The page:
Simsbury has a . Farmington has one, too, in addition to a . There's the in Canton, and Avon has a . In the Granby area, the does a booming burger business.
And then there's West Hartford, where upscale burger joints have seemingly multiplied like rabbits. In just the past year, , , and have joined the already-popular , Max Burger, , and as purveyors of "high quality" burgers.
Hamburgers are popular menu items at non-burger joints as well, like Joey's and . And then there are the ever-popular fast food choices which we don't even need to name.
West Hartford nutritionist Sally Lynch sees the parallel trends – burger joint proliferation occuring at the same time as a national focus on healthy eating – as a battle between the needs of our bodies vs. the desires of our brains.
"I do find it puzzling that in the midst of a national obesity crisis, we see hamburger/french fries joints and cupcake kiosks popping up like zits on a teenager. But I do think the 'need' or desire for comfort food is gathering momentum due to a collective food addiction we seem to have," Lynch said.
She thinks most of us deal with this dichotomy on a daily basis, as even dedicated "healthy" eaters occasionally chow down on burgers and fries.
"We strive for a healthy balanced 'homeostatic' diet to keep our bodies running smoothly, but we crave the bliss point from 'hedonic' eating that seems to need more sugar, more salt and more fat," Lynch said.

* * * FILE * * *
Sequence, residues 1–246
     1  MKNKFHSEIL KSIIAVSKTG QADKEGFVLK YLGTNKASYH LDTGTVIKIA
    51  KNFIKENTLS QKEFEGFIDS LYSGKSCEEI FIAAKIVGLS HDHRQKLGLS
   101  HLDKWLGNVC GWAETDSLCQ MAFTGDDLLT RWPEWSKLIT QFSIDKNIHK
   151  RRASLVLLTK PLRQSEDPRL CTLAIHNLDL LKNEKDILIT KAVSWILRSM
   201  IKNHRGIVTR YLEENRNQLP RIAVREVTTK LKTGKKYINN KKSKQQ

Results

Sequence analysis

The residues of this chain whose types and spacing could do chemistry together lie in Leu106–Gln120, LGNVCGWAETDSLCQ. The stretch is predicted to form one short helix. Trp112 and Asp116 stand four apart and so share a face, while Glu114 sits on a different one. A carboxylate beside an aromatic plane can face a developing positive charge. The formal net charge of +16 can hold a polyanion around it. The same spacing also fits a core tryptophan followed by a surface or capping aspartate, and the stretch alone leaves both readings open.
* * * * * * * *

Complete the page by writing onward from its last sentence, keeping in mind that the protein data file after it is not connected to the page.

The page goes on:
"The gap [between healthy and unhealthy] is increasing, and the rate is definitely not slowing down. It's actually increasing the other way," said Andrew Nelson, assistant manager of Five Guys in Farmington.
"Where do you fall on the scale between extreme points of homeostatic and hedonic eating? Do you eat for sustenance? Do you eat for pleasure?" Lynch asks. She thinks many vegetarians primarily eat for sustenance, but said "there are plenty who drool over the cupcakes, too."
"There are those of us who strive to eat balanced and healthy, but just can't resist the chocolate brownie sundae or that juicy cheeseburger and fries. Some of the raw foodies are taking homeostatic eating to the extreme, trying desperately to swing the pendulum away from food addiction, hedonic eating and obesity, trying to bring us back to a state of balance, health and longevity," said Lynch.
Maybe it's just that few want to become one extreme or the other. Or, as Lynch surmises, that much of the food consumed today, which is more salty and/or sugary than food past generations ate, is highly addictive.
"Our brains are hard-wired for reward ... our brains are needing a a bigger rush of salt, sugar, and fat than our grandparents needed," said Lynch.
"No one here seems to care," said Nelson noting the continued surge in business at Five Guys. "Our business is growing at an alarming rate," he said. When the Farmington location opened it was the 200th store in the country. Five years later, he said, there are more than 1,000 locations nationwide.
"When I see these places popping up in the midst of our obesity crisis, I see the human struggle is there for each and every one of us, on how to balance between homeostatic and hedonic eating and still stay healthy," said Lynch.